The Department for Transport has ditched plans to extend the wait on a new car's initial MOT from three to four years due to concerns about road safety, following Government consultation period.
A statement issued by the DfT, the Driver and Vehicle Standards Agency (DVSA), and roads minister Jesse Norman MP, said that Ministers had “put road safety first” as they today (18 January 2017) decided to maintain the period before a car’s first MOT test at three years.
Car retailers, the RMI and the IMI had been among the first to criticise the Government’s proposal, the prospect of a four-year gap raising concerns about road safety and the impact on aftersales business.
Stuart James, RMI director, said that, at the three-year period alone, the change would “see 400,000 unroadworthy cars on the road for another 12 months and no official mileage recorded until year four”.
He added: “This proposal would, without doubt, cost consumers more in repair costs, incentivise “clockers” and be detrimental to the UK’s excellent road safety record for no particular gain.”
The DfT had proposed three options for the future of MOTs, ahead of the recent consultation period:
Option one: No change, maintain the current period for vehicles requiring a first MOT at three years.
Option two: Extend the first MOT for all vehicles currently requiring an MOT at three years, to four years.
Option three: As option two, excluding vans in classes 4 and 7, where it will maintain the current MoT three year first test timing.
The Government's preference had been for either option two or three.
Today’s statement said that “most of those responding to the consultation were against the proposals on safety grounds”, arguing that the savings to motorists were outweighed by the risk to road users by removing an opportunity for workshops to identify current or upcoming issues affecting the vehicle.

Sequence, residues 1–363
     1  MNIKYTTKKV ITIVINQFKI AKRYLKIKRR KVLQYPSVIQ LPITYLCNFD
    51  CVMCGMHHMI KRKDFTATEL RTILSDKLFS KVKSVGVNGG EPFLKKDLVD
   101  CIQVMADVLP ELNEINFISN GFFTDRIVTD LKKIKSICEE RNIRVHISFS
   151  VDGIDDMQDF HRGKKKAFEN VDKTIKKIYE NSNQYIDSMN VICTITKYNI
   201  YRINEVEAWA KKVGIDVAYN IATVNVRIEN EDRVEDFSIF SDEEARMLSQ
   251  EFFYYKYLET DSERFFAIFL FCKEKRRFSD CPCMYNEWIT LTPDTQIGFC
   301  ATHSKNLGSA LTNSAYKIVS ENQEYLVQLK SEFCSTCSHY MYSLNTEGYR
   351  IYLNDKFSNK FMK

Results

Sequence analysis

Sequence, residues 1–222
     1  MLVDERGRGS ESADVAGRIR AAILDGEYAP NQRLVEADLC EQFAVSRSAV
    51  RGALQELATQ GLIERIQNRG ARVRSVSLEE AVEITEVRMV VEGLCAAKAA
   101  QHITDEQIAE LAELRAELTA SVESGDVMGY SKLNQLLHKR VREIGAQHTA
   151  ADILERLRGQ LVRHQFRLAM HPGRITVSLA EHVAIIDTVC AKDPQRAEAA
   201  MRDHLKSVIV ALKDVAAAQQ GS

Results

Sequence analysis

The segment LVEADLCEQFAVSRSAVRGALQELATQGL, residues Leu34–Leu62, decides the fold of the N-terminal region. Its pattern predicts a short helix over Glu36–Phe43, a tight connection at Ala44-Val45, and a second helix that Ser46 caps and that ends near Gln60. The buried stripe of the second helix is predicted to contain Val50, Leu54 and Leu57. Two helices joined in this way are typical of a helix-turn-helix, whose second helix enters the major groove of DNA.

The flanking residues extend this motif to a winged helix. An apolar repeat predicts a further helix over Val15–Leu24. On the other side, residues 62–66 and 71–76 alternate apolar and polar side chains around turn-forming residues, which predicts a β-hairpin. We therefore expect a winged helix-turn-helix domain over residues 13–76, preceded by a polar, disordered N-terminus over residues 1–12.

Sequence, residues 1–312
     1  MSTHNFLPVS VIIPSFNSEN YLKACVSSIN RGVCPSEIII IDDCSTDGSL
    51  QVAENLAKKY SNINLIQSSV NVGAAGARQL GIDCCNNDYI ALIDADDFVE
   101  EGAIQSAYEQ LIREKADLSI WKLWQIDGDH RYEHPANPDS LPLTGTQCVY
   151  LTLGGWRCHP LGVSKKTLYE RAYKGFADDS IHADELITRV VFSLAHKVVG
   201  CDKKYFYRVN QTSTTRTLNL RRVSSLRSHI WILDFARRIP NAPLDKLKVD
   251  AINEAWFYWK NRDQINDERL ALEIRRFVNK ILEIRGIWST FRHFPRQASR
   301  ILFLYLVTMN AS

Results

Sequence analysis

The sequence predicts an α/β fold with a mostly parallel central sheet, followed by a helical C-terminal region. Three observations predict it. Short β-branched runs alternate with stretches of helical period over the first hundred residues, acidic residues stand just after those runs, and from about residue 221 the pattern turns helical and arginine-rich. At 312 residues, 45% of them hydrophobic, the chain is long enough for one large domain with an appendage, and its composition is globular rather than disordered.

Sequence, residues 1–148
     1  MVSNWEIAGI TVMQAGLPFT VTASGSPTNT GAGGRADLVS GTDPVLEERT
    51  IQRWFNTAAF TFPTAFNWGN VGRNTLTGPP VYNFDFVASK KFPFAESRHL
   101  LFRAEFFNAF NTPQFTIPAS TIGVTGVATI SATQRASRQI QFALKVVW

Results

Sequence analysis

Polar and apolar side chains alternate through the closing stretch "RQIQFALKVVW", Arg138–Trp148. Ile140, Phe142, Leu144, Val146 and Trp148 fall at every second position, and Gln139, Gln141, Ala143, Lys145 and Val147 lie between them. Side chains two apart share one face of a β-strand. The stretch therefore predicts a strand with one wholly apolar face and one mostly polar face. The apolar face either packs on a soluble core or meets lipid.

A public survey for DfT by Populus also showed fewer than half of people were in favour of the change, it said.
Jesse Norman MP said: “We have some of the safest roads in the world, and are always looking at ways of making them safer.
“Although modern cars are better built and safer than when the MOT test was last changed 50 years ago, there has been a clear public concern that any further changes don’t put people’s lives at risk.”
Norman said that the Government would be looking at further research to ensure the MOT test evolves with the demands of modern motoring.
The test, which was introduced in 1960, requiring vehicles to undergo a first check after 10 years, was originally changed in 1967 to three years.
In 2016 more than 2.4 million cars had their first MOT test.
Government figures revealed that the pass rate was around 85% and the most common reasons for failure include lighting, tyres and braking faults.
Commenting on the Government’s decision to stick with an MOT test after the first three years of car ownership, Sue Robinson, director at the NFDA, said: “Following on from our determined lobbying efforts, the National Franchised Dealers Association, an association of the Retail Motor Industry Federation, welcomes the Government’s decision to ‘put safety first’ and maintain the first MOT test at three years.
“The NFDA had previously highlighted the potentially devastating road safety implications which extending the date of the first MOT from three to four years might have had. It is extremely positive to see that the Government has acknowledged this.”
The IMI trains 80% of all MOT testers currently operating in the sector, as well as partnering with other bodies to provide a solution that meets DVSA’s requirements.
With the DVSA introducing a higher pass mark for the annual assessment and the government’s decision to stick with a three-year MOT interval, Steve Nash, chief executive at the IMI, said: “Safeguarding vehicle technicians and the public by upskilling workforces is never a bad thing. The MOT sector has experienced a lot of changes over the last two years with the introduction of the annual training and assessment, and the IMI will continue to support the sector as we move forward.
"The Government’s decision to not increase the first MOT test to four years is a decision the IMI welcomes since the technology involved in these vehicles are always advancing.”
The IMI alerted MOT testers that, to maintain their tester status they must complete a minimum of three hours annual training and the annual assessment by March 31, 2018.
In addition, a record of training and an assessment certificate number must be sent through to DVSA before the March 31 deadline.